Click to viewA gunman shot U.S. congresswoman Gabrielle Giffords during an event outside a Safeway in Tucson Arizona this morning. At least 12 others were wounded. Following is an eyewitness report from a man who helped hold the suspect down.
Giffords is currently in critical condition at University Medical Center after being shot once in the head. At a press conference, her doctor said she is out of surgery and he is "optimistic" about her prospects for recovery. (Early reports said Giffords had died.)
We spoke to an eyewitness, Steven Rayle, who was on the scene at the time of the shooting and helped to hold the suspect down while waiting for police. Here's what he said:
The event was very informal: Giffords had set up a table outside the Safeway and about 20-30 people were gathered to talk to her. The gunman, who may have come from inside the Safeway, walked up and shot Giffords in the head first, "point blank". According to Rayle, who is a former ER doctor, Giffords was able to move her hands after being shot.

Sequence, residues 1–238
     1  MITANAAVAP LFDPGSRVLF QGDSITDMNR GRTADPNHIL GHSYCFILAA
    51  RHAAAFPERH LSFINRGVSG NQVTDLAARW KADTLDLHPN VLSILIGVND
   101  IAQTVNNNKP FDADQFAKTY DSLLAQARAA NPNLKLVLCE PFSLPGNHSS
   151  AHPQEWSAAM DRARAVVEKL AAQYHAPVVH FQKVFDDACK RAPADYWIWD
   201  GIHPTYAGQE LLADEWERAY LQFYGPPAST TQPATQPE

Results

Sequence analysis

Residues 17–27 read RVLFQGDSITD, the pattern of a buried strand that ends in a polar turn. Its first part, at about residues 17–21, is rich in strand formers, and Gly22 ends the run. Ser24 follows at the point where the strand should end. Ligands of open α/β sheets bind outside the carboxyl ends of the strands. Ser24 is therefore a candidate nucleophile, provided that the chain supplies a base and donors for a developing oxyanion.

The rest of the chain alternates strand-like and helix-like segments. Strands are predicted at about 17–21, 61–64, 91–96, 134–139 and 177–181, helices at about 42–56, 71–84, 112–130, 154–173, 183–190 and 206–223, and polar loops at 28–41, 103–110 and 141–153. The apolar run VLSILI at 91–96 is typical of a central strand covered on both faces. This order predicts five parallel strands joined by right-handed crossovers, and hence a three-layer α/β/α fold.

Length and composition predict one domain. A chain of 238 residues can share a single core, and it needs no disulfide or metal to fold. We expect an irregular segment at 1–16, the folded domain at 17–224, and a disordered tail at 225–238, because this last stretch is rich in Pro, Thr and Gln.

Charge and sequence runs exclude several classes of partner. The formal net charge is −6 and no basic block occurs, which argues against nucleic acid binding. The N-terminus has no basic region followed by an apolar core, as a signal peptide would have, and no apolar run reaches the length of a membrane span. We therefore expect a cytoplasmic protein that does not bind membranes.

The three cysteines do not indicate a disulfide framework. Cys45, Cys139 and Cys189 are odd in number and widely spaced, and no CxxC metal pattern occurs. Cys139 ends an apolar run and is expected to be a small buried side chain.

After shooting Giffords, the gunman opened fire indiscriminately for a few seconds, firing 20-30 rounds and hitting a number of people, including a kid no older than 10 years old. Rayle hid behind a concrete pole and pretended to be dead. When the gunman apparently ran out of ammunition he attempted to flee, but a member of Giffords' staff tackled him. Rayle helped hold the gunman down while waiting for the sheriff to arrive, about 15-to-20 minutes later. The EMS came about 30 minutes later. Rayle said he was "stunned" by how long it took medical help to arrive.
The gunman was young, mid-to-late 20s, white, clean-shaven with short hair and wearing dark clothing and said nothing during the shooting or while being held down, although he struggled at first. He was "not particularly well-dressed"; he didn't look like a businessman, but more of a "fringe character," Rayle said. The sheriff's department arrived, arrested the gunman and cordoned off the parking lot.
[Video: Giffords criticizes the violent rhetoric of the Tea Party and Sarah Palin on MSNBC last year.]